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Today, with the brand new Brooklyn Bridge Park situated on prime New York City waterfront as well as a plethora of chic coffee shops and hip classes, business in DUMBO is truly flourishing. Refurbished warehouses serve as homes to tech giants and its renovated cobblestone streets, relics of its post-industrial past, are now lined with art galleries and hipster boutiques. The brainchild of a true visionary, DUMBO is proof that sometimes success takes a particular sense of perception-- who would have thought in the 1970s that DUMBO would be the modern, exclusive, trendy Brooklyn neighborhood it is today? Although now this particular neighborhood rents at about the same price as Manhattan, it is still a world apart. Echoes from the past through its’ architecture, the space for businesses to truly grow, and the culture that only Brooklyn can supply, DUMBO is the place to be for anyone willing to take the plunge into the [mostly] lucrative world of startups. Or, live like Walentas, and keep your eye out for other industrial wastelands to transform in a matter of mere decades. In case you don’t discover the new DUMBO, sign up to this blog to keep yourself informed on all things business and travel!

New Year, New Look, New Direction.

2019 is here! 

With the onset of a new year comes the arrival of opportunity, change and new directions; a relinquishing of the old and an embrace of the novel, exciting things yet to come. 

It is with that preface that I allude to the changes to come concerning this blog.

Up to this point, the blog has been an outlet for random writing advice, suggestions for improving effectiveness through grammar mindfulness and a mashup of whatever else.  That hasn’t really served us well or proven useful for you, and I’m willing to accept that and listen.  What you have expressed interest in, is more unveiling of the adventures that occur between the posts and amidst the client deadlines.  

Many of you know the backstory: an entrepren-her with a background in politics who ditched the conventional to live what she learned and learn from that what she gains through living.  How can I utilize what I’ve learned from university, hone it and apply it to my passion for business?

The decision to become a content writer came by serendipitous happenstance: a friend wanted a paper proofread, another needed help writing her real estate newsletter and marketing emails and yet another needed guidance with writing an eBook series.  One document here and there? No problem. Seven documents later and you’re getting invoiced.

In developing content for friends and colleagues, I discovered a pattern: the fundamentals of sound urban planning and great content writing are essentially one in the same: at the heart of both lie a strategic plan providing guidance for construction and direction for development, leverage for smart growth that is profitable and sustainable, and a product that is both beautiful to the senses and useful to the intended stakeholders.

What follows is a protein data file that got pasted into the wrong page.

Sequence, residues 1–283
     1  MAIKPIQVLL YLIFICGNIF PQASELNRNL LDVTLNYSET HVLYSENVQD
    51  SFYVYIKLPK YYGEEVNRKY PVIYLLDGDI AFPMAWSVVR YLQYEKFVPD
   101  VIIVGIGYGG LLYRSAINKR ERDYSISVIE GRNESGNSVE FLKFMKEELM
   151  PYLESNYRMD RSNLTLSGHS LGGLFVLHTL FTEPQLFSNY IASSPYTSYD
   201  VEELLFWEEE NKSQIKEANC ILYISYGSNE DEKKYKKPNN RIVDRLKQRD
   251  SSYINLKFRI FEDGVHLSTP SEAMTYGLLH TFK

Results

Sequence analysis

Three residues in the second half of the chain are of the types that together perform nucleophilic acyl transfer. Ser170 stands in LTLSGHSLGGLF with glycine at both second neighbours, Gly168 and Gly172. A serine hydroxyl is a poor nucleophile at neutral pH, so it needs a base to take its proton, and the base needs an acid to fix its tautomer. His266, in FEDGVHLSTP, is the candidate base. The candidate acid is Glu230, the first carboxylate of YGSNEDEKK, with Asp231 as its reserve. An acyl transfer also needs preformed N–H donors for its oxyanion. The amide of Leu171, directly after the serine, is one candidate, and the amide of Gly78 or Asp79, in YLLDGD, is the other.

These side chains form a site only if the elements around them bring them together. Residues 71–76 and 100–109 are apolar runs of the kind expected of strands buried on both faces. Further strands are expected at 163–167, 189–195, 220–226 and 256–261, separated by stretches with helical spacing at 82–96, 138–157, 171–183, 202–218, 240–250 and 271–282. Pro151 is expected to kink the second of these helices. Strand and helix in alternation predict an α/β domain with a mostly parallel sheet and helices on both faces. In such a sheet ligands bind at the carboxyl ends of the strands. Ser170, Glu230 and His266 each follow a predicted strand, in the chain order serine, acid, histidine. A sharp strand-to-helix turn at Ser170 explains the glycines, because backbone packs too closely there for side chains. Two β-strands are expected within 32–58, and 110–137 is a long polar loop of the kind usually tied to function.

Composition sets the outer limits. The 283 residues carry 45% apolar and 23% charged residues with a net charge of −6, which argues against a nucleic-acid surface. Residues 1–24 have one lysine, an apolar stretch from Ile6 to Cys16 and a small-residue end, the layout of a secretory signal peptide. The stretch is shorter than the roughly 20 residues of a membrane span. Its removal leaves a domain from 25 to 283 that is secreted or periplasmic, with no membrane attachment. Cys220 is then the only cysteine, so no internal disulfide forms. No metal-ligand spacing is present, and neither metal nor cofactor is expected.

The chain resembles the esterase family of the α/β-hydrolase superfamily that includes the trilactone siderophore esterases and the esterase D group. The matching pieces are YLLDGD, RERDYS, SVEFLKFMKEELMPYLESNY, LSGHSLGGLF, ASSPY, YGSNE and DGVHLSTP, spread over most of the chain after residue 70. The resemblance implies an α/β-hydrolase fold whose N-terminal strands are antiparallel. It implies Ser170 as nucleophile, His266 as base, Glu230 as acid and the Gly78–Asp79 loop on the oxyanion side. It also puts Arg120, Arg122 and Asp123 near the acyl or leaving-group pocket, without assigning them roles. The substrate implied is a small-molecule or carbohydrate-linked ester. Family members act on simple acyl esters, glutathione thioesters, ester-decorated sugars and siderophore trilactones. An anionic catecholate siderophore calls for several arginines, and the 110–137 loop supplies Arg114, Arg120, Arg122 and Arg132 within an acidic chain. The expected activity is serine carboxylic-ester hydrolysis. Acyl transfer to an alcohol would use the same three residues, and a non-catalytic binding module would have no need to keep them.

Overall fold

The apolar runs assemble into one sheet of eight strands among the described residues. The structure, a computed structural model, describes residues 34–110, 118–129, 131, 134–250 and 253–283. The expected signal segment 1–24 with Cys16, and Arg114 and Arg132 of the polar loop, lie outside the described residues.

I very quickly found this approach, when followed consistently, produced great content and great cities.  It has worked for developers of commercial real estate and it has worked for myself, a developer of commercial content. 

This is great... but this isn’t what you want to read. What you have expressed interest in, however, are the stories of local adventures that happen outside of my client meetings.  The tours through Le Marais in search of the best croissants traditionnel when I’m in Paris meeting with clients about a blog content project.  The photos of the glaciers of Iceland while writing newsletter copy for a client in Manhattan.  The delicious dumplings in DUMBO before heading to Prospect Park, Brooklyn for a meeting with powerhouse real estate magnates.

It is these adventures you crave, as you’ve expressed they allow you to live the world through our eyes, and it is these adventures we will give you.

 

Going forward, this blog will be a resource for reading the world a la the voice of the Anglophone- Francophone perspective.  Life, through the fast lens of transatlantic content writers jet-setting, occasionally adulting and otherwise doing whatever it takes to pursue great copy.

What to expect:

-stories of the expat life. 

-empowering words for women entrepreneurs. 

-introspective journaling from digital nomads, aspiring creatives and guest bloggers who live their dream and write great content in between. 

-possibly content writing tips? Who knows. Maybe, if we’re not too busy being globetrotting dynamite divs.

 

À bientôt! <<See you later!>>